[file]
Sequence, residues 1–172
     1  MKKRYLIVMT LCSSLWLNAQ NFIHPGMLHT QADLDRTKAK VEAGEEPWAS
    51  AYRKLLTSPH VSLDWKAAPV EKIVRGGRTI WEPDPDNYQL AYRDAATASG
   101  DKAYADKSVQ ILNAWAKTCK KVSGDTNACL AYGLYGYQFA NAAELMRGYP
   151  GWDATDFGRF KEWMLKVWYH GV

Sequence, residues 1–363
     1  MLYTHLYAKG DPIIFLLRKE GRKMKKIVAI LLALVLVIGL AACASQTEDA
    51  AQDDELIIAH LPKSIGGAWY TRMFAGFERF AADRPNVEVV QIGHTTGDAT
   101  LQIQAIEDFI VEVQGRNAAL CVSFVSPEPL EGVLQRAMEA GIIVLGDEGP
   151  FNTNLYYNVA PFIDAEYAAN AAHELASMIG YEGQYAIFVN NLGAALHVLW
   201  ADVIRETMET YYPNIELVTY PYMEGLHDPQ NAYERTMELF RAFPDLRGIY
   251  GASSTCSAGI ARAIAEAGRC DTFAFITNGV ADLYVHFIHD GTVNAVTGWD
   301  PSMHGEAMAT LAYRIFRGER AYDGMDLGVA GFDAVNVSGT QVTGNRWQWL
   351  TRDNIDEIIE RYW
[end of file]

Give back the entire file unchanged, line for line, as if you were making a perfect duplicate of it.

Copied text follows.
Sequence, residues 1–172
     1  MKKRYLIVMT LCSSLWLNAQ NFIHPGMLHT QADLDRTKAK VEAGEEPWAS
    51  AYRKLLTSPH VSLDWKAAPV EKIVRGGRTI WEPDPDNYQL AYRDAATASG
   101  DKAYADKSVQ ILNAWAKTCK KVSGDTNACL AYGLYGYQFA NAAELMRGYP
   151  GWDATDFGRF KEWMLKVWYH GV

Sequence, residues 1–363
     1  MLYTHLYAKG DPIIFLLRKE GRKMKKIVAI LLALVLVIGL AACASQTEDA
    51  AQDDELIIAH LPKSIGGAWY TRMFAGFERF AADRPNVEVV QIGHTTGDAT
   101  LQIQAIEDFI VEVQGRNAAL CVSFVSPEPL EGVLQRAMEA GIIVLGDEGP
   151  FNTNLYYNVA PFIDAEYAAN AAHELASMIG YEGQYAIFVN NLGAALHVLW
   201  ADVIRETMET YYPNIELVTY PYMEGLHDPQ NAYERTMELF RAFPDLRGIY
   251  GASSTCSAGI ARAIAEAGRC DTFAFITNGV ADLYVHFIHD GTVNAVTGWD
   301  PSMHGEAMAT LAYRIFRGER AYDGMDLGVA GFDAVNVSGT QVTGNRWQWL
   351  TRDNIDEIIE RYW